Propaganda is far worse than any usual media polarization. It ruins families, endangers lives, and starts and ends wars. I remember one Hromadske story from the epicenter of one of the biggest battles in the Eastern Ukrainian war. Our reporter went to the city of Debaltseve hours before it was captured by Russian and rebel forces. The town was shelled heavily back then. But, all interviewed locals were sure that the Ukrainian army was responsible, despite acknowledging that to do this they would have to shell their own positions in the downtown as well. The Ukrainian TV and radio was cut off here months ago.

Secondly, Russian propaganda isn’t designed to convince people.

What it does instead is radicalizing the society, pushing it to extremes and destroying the middle ground for any debates. And then you have a perfectly fertile soil for political manipulations on a grand scale. Let’s be clear: neither Russia, nor Eastern Ukraine are internet black holes like North Korea or Iran. People have access to almost all internet resources possible. In Russia an impressive 77% of the population have a stable internet access, and before the war Eastern Ukraine also had the biggest and most dynamic rate of new internet users after Kyiv. People are able to hear the other side’s point, they just don’t want to.

…..Fifth, the truth is never in between what Russian media and Western media report.

….Any educated person in the West knows that truth is always somewhere in the middle between two biases. So you would usually consume something from Russian media and then Western media and settle for the middle. This is well-understood by the Kremlin and they manage to use it perfectly by positioning their media as ‘an alternative voice’. So, by creating ridiculous parallel reality of lies and theatrics, they don’t expect you to believe in it. They instead create so much confusion that it shifts the middle further towards them.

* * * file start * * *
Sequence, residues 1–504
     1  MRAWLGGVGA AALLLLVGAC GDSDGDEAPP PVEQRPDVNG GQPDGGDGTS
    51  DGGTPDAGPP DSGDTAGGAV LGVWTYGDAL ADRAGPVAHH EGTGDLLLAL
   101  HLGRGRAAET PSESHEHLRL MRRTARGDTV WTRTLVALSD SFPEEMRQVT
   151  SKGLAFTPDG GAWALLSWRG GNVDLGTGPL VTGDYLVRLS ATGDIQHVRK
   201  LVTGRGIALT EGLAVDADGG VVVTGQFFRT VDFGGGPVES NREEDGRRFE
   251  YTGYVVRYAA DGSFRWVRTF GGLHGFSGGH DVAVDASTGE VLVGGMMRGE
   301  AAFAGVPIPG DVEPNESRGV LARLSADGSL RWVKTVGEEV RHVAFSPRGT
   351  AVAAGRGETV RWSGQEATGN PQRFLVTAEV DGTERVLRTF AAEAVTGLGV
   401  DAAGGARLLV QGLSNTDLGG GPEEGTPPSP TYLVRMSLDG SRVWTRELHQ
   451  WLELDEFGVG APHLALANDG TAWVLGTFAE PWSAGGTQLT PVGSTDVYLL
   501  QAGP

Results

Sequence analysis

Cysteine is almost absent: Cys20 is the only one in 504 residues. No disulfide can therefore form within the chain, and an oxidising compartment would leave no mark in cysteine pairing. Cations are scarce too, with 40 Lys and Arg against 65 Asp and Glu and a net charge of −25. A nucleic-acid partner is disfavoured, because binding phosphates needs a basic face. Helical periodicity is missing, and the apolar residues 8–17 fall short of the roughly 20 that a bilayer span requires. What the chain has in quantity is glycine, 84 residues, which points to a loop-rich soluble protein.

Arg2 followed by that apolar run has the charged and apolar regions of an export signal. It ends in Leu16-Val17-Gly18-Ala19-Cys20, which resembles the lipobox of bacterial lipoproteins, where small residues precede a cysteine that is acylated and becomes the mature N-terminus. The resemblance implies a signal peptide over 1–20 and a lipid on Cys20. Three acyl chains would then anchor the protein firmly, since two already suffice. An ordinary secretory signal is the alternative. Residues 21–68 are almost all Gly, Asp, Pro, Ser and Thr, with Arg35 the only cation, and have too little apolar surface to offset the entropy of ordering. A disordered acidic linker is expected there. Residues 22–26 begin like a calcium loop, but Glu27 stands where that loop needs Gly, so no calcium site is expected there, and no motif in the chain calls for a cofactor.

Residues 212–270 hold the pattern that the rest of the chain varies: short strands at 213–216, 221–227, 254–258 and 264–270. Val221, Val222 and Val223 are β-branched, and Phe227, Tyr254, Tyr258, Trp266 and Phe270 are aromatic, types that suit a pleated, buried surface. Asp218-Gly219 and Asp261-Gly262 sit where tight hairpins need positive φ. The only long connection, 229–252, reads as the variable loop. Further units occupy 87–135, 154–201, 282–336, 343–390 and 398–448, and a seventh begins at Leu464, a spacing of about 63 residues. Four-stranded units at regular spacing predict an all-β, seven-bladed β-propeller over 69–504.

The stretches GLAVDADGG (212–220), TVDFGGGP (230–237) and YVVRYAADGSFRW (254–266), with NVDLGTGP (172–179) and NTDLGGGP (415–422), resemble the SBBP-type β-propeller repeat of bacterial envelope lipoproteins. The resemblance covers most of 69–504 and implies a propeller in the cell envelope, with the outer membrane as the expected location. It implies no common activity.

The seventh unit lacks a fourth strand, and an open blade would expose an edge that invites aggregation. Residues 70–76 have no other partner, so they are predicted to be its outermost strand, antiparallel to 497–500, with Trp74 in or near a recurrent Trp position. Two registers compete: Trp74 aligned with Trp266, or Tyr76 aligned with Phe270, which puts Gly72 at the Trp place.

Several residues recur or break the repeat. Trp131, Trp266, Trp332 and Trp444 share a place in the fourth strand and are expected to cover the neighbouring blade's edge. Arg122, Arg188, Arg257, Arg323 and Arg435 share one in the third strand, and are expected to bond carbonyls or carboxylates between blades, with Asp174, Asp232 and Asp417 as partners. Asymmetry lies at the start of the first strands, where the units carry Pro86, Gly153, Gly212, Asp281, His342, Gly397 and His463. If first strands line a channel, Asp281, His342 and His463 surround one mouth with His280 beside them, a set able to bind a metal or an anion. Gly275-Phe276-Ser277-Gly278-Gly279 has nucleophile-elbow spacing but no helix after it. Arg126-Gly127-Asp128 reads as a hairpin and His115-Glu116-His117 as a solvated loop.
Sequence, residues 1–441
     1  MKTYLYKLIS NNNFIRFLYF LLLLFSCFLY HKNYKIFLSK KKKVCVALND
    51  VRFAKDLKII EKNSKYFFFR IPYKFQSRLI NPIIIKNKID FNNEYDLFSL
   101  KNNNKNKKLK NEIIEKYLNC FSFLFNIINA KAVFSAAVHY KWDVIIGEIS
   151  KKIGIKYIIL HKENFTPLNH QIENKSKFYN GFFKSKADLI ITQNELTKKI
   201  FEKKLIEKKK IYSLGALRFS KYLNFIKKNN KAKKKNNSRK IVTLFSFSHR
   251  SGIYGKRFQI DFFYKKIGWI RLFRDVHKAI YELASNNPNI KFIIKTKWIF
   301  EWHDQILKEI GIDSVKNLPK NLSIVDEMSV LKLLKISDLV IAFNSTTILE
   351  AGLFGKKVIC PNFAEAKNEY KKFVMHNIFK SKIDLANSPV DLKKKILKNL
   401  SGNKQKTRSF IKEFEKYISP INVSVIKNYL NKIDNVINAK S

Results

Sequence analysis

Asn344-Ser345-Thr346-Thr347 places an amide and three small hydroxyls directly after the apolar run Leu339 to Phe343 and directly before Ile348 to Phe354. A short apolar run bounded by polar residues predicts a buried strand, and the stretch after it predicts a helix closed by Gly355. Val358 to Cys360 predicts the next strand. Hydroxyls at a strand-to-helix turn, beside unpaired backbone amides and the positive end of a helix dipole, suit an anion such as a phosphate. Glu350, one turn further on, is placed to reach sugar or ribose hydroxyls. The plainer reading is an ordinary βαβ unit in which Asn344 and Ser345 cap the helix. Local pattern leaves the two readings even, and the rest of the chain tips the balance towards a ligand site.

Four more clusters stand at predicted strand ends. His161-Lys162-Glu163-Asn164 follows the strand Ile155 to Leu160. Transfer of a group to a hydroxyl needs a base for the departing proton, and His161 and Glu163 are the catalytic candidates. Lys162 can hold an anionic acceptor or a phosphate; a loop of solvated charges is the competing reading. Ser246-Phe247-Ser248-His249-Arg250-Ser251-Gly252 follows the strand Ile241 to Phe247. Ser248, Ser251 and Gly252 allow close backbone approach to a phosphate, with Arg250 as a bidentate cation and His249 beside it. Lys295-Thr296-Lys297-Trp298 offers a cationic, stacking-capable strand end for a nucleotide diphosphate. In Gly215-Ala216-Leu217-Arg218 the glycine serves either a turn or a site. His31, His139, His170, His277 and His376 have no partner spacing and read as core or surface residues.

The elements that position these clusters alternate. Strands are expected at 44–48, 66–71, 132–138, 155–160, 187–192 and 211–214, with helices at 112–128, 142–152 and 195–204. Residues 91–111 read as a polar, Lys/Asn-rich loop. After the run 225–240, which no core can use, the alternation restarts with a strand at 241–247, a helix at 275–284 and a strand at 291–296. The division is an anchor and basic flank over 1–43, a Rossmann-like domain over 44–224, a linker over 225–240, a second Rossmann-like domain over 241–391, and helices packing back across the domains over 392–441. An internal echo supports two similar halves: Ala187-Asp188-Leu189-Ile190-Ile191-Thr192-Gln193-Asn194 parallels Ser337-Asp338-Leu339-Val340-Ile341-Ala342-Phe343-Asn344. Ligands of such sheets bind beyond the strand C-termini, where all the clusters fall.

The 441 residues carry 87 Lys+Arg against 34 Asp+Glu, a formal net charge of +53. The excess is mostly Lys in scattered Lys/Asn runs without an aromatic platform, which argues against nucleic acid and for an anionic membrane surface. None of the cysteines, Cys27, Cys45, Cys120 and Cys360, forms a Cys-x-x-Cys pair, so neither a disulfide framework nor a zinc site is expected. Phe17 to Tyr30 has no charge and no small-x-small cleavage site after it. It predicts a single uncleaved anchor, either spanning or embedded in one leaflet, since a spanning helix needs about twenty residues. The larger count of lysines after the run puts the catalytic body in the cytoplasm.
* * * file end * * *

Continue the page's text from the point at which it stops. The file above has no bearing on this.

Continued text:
The truth is always in between two biases, but never in between bias and pure lies.

Read more at Die Zeit: It’s propaganda, stupid! — Medium

NATO Confronts Russian Base on Turkey’s Border – Bloomberg View

From Josh Rogin:

The clash between Russia and Turkey is destabilizing, but the real destabilizing move was Putin’s decision to place a new power-projection and access-denial base just miles from a NATO country without any consultation. NATO chose not to deal with that dangerous situation for months. Now the alliance has no choice.

Read more at NATO Confronts Russian Base on Turkey’s Border – Bloomberg View

Richard Russell, Publisher of Dow Theory Letters, Dies at 91

From Bloomberg:

Richard Russell, who shared his technical analysis with subscribers through the influential Dow Theory Letters since 1958, has died. He was 91.

Richard published many interesting insights over the last half-century and contributed greatly to the field of investing.

Read more at Richard Russell, Publisher of Dow Theory Letters, Dies at 91 – Bloomberg Business

The Commodity Roller Coaster| Project Syndicate

From Carmen Reinhart, Professor of the International Financial System at Harvard University’s Kennedy School of Government.

…..At this stage of the commodity cycle, price declines typically retain downward momentum. By the end of the boom, many commodity exporters had already initiated investment projects to expand production. As these investments bear fruit, the increased supply will sustain downward pressure on prices. And many emerging-economy governments’ understandable aversion to running substantial and persistent current-account deficits will lead them to counter weaker export prices by increasing export volume, even if that drives down prices further.